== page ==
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Tue Nov 17, 2015, 08:58 PM

How can Philip Morris sue Uruguay over its tobacco laws?

Monday, November 16, 2015

When the architects of the international order that took shape after the second world war created the United Nations, they gave the organization a lofty goal: “Save succeeding generations from the scourge of war.” Through the UN charter – akin to a world constitution – solemnly adopted in 1945 in San Francisco, they also said they were “determined to establish conditions under which justice and respect for the obligations arising from treaties and other sources of international law can be maintained”.

Since then and in line with that vow, the UN has put on the world stage not only the Universal Declaration of Human Rights, but also legally binding instruments, including 10 core human rights conventions and countless declarations and resolutions.

But now more than ever, one single mechanism – the little-known investor-state dispute settlement (ISDS) – threatens the existing system of justice, the concept of checks and balances, the very core of the rule of law. Its implications for the respect of human rights around the world are devastating. If it is allowed to continue to exist, it will hijack the dreams of a just international order born out of the second world war. It must be abolished because it undermines fundamental principles of the UN, state sovereignty, democracy and the rule of law. Far from contributing to human rights and development, the international investment regime and ISDS have resulted in growing inequality among states and within them. Article 103 of the UN charter is clear: in case of conflict between the charter and any other agreements, including ISDS, it is the UN charter that prevails.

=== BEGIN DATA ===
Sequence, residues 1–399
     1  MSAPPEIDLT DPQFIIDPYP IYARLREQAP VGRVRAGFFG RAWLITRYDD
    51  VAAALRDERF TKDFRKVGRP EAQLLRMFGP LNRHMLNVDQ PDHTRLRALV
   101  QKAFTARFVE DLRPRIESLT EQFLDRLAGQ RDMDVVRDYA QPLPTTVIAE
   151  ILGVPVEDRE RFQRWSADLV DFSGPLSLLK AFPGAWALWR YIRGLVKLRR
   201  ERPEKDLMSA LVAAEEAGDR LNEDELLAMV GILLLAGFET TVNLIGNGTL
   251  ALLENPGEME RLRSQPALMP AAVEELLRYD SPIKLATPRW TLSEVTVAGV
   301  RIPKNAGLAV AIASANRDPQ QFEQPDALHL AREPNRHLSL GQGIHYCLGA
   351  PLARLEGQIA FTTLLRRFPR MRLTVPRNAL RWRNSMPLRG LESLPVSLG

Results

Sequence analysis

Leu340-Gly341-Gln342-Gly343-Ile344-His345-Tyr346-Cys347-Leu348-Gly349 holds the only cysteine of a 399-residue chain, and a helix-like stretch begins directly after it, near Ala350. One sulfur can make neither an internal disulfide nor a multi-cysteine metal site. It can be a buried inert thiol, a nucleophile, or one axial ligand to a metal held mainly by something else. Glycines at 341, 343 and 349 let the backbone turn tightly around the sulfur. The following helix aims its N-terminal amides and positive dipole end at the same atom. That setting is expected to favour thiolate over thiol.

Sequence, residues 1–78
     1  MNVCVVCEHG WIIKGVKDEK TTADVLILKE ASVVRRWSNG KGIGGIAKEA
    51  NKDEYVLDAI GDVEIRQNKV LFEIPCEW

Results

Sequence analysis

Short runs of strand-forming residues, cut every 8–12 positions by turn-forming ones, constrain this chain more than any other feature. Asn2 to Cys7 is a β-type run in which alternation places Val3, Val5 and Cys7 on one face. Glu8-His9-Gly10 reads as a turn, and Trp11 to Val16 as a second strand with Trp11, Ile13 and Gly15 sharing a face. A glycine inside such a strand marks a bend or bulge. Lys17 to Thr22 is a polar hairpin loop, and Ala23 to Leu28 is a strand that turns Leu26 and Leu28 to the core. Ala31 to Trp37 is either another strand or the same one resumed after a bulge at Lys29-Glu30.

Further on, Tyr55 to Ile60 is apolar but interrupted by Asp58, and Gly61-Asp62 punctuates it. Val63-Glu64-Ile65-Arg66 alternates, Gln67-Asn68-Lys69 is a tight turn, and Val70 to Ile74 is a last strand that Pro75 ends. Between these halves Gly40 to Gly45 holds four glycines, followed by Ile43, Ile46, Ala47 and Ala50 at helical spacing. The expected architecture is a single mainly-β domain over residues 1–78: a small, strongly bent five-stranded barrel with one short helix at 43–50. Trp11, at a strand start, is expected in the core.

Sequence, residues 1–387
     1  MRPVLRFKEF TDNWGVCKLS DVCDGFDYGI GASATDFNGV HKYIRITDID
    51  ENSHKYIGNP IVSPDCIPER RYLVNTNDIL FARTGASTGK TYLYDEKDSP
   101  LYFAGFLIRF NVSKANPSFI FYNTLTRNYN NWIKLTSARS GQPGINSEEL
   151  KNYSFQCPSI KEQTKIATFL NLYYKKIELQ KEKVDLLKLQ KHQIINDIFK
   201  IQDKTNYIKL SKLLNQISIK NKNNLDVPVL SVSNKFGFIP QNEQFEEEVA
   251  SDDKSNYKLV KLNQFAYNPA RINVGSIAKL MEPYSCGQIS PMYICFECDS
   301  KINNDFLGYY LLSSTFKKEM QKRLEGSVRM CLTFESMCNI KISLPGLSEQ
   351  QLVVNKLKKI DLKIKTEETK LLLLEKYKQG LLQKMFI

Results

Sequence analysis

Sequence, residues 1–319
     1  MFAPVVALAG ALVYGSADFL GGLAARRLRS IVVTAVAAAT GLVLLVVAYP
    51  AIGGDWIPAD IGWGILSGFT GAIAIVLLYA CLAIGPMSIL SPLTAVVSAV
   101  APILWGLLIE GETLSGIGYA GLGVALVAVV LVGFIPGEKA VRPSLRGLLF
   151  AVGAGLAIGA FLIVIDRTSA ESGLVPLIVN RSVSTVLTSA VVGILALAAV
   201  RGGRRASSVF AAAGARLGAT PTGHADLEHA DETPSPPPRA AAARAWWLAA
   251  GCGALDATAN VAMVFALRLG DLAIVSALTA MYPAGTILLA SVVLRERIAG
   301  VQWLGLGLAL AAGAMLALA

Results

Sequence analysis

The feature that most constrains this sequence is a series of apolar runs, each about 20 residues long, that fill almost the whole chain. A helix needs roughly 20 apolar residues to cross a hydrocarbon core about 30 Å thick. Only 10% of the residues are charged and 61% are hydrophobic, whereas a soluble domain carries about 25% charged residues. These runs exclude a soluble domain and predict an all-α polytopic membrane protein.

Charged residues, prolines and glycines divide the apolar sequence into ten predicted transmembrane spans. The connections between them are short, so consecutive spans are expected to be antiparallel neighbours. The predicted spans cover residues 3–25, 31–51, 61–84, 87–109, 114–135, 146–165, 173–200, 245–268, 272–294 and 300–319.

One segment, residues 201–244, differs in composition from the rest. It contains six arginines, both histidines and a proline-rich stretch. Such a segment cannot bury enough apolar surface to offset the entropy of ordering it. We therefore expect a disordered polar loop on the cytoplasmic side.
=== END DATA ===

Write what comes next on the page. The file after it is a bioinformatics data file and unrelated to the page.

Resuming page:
The ISDS mechanism is a unique privatised system of arbitration, often buried in bilateral investment treaties and multilateral trade agreements (such as Nafta and TTIP). It grants an investor the right to use private dispute settlement proceedings against a foreign government, yet governments cannot sue the investors. The system is neither transparent nor accountable and often results in aberrant judgments without the possibility of appeal. Over the years, it has led to inconsistent, unpredictable and arbitrary awards contrary to national and international public order.

http://www.theguardian.com/commentisfree/2015/nov/16/philip-morris-uruguay-tobacco-isds-human-rights

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Reply How can Philip Morris sue Uruguay over its tobacco laws? (Original post)
Jefferson23 Nov 2015 OP
msongs Nov 2015 #1
Lithos Nov 2015 #2
Jefferson23 Nov 2015 #4
hopemountain Nov 2015 #3
marble falls Nov 2015 #5

Response to Jefferson23 (Original post)

Tue Nov 17, 2015, 08:59 PM

1. you ain't seen nothing til the TPP is passed thanks to our president and corporations nt

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Response to Jefferson23 (Original post)

Tue Nov 17, 2015, 09:10 PM

2. Because corporations view themselves as equal to countries

n/t

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Response to Lithos (Reply #2)

Tue Nov 17, 2015, 09:27 PM

4. Yes, precisely. n/t

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Response to Jefferson23 (Original post)

Tue Nov 17, 2015, 09:19 PM

3. because corporations view the world and it's people

as their oysters on their heaping plates of resources to gluttonize, exploit and feed their bottomless pits of greed.

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Response to Jefferson23 (Original post)

Wed Nov 18, 2015, 10:31 AM

5. Because Corporations have human rights and people are just another commodity to profit from.

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